Republicans Declare War on Mask Mandates

Mask mandates might be a relic of the past.

The federal government eliminated them at the close of the national health emergency declared around COVID-19, citing high levels of vaccinations that made the need to slow the spread of the virus even less prudent. Many businesses followed suit, with voluntary masking requirements in most stores dissipating as more and more people received the vaccine.

But as some schools and medical facilities have begun reinstating them amid a surge of a new strain of COVID-19, Republican lawmakers want them to stay a thing of the past, launching bills aimed at restricting the federal government’s ability to impose similar mandates in the future.

Citing arguments that masks didn’t work to slow the spread of the virus during COVID—which most studies contest—Ohio Republican Senator JD Vance announced plans September 5 to introduce the Freedom to Breathe Act, which would permanently prevent the federal government from reimposing federal mask mandates in the United States.

“We tried mask mandates once in this country. They failed to control the spread of respiratory viruses, violated basic bodily freedom, and set our fellow citizens against one another,” said Vance in a news release announcing the legislation. “This legislation will ensure that no federal bureaucracy, no commercial airline, and no public school can impose the misguided policies of the past. Democrats say they’re not going to bring back mask mandates—we’re going to hold them to their word.”

Then there’s Georgia Congresswoman Marjorie Taylor Greene, an influential member of the House Republican Conference who has pledged not to vote in favor of any federal budget that included funding for any COVID-19 vaccine or mask mandates.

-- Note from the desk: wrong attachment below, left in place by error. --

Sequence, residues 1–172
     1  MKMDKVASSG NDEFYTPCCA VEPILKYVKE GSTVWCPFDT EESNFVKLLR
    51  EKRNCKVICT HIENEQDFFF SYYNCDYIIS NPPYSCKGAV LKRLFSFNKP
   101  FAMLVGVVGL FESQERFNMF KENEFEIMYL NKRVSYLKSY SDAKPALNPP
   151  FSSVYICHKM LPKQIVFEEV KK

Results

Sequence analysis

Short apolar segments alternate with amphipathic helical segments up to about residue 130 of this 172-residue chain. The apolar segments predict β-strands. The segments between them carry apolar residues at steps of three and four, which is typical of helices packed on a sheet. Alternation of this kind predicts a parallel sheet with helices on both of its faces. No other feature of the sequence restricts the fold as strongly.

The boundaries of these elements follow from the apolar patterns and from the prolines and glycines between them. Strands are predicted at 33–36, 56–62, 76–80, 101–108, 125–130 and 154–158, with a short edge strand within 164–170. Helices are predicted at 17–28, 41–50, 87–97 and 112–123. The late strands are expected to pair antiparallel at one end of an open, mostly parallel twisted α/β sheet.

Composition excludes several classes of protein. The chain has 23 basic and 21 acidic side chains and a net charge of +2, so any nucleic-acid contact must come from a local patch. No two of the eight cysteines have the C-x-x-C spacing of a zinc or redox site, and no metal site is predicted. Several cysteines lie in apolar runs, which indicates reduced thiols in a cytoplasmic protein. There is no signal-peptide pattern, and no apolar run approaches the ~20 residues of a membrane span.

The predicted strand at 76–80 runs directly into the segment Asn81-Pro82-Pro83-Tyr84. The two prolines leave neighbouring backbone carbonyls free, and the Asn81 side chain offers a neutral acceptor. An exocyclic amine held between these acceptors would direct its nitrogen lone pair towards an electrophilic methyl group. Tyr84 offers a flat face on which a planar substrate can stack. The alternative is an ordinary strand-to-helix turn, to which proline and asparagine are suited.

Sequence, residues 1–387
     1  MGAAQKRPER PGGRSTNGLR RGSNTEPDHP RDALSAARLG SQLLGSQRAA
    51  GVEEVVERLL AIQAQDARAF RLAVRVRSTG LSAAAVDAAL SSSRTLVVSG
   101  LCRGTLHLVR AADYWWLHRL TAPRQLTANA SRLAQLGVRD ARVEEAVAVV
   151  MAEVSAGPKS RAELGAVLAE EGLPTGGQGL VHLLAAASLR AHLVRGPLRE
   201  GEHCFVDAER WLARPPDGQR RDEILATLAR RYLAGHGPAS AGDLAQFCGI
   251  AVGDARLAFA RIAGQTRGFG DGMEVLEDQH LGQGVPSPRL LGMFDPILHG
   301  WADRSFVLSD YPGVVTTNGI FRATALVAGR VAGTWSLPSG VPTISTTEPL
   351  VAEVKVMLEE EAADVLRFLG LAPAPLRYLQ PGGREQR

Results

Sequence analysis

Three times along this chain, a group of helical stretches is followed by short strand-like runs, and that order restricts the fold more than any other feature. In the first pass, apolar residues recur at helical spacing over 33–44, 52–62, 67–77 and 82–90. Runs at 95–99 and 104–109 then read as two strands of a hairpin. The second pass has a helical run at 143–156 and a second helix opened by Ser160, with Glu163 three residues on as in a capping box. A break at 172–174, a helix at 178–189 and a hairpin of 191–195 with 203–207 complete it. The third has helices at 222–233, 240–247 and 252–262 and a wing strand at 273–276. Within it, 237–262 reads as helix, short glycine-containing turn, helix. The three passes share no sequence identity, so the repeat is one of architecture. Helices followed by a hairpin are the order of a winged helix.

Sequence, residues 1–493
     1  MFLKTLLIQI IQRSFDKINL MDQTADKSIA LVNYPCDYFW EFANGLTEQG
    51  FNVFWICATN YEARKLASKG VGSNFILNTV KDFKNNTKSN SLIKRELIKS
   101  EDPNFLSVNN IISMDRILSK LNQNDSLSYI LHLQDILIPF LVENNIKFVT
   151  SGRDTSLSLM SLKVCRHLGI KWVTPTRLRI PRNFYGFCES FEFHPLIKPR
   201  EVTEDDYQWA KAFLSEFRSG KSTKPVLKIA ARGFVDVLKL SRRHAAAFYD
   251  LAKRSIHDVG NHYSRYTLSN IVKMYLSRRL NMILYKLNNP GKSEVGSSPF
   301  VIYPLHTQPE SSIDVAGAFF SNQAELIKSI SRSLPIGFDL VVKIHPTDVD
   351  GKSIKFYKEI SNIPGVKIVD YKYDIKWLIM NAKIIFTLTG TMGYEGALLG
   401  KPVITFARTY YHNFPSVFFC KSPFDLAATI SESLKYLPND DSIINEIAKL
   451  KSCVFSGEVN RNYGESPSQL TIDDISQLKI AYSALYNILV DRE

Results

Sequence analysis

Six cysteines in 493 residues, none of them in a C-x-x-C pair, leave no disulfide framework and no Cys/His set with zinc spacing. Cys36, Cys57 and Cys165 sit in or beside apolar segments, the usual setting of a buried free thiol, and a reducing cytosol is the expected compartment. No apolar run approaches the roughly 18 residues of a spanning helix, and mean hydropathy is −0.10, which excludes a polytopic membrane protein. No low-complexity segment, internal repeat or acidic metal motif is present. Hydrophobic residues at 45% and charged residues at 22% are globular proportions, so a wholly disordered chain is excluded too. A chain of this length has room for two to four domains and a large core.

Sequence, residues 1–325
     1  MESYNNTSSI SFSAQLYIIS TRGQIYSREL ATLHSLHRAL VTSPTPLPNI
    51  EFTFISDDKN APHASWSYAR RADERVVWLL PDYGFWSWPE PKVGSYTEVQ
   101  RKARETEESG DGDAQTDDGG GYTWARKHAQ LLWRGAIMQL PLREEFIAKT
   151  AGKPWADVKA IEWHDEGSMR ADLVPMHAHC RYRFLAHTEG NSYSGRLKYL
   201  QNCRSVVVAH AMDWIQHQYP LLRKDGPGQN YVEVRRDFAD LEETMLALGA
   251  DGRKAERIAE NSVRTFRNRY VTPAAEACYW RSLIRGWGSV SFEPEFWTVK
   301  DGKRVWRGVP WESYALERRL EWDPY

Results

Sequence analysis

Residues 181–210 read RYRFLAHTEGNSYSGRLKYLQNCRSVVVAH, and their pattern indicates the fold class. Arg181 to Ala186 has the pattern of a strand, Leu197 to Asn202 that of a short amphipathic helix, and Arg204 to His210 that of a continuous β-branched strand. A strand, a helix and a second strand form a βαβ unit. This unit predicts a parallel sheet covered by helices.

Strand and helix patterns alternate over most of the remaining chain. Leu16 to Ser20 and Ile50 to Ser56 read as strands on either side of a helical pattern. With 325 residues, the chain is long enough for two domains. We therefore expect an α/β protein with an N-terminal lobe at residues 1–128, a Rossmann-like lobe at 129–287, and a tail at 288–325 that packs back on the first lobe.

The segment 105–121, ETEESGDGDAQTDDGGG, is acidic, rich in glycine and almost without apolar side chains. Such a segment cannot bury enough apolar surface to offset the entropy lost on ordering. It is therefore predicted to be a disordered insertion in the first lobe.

“That is over,” she told constituents at an August 31 town hall in Floyd County, Georgia. “Even Joe Biden said it was over.”

And in Texas, a new ban on COVID-19 restrictions requiring individuals to wear face masks in public spaces went into effect on September 1 amid a rash of public and private entities across the U.S. reinstated the policy due to a rise in new infections fueled by two new variants of the virus.

“Thanks to Governor Abbott and the hard work of the Texas Legislature, Texas has closed the door on COVID restrictions,” Andrew Mahaleris, a spokesperson for Abbott, told Newsweek at the time.

While Texas, a deep-red state with a Republican governor, was already unlikely to revive a mask mandate, it’s unclear whether a federal mask mandate is on the table at all. The Centers for Disease Control and Prevention, which oversees federal rulemaking around masking policies, told a Newsweek reporter last Thursday that it currently had no plan to revive COVID-era mask mandates.

There are also no plans to reimpose them in the federal budget, though some Republican lawmakers have remained hung up over COVID-19 vaccine mandates for servicemembers in the United States military.

It’s also unclear whether Vance’s bill will be successful. While the upper chamber of the U.S. Congress is narrowly divided, it still leans toward Democrats, while it is unclear whether the more moderate members of the Republican party would align with Vance on the effort.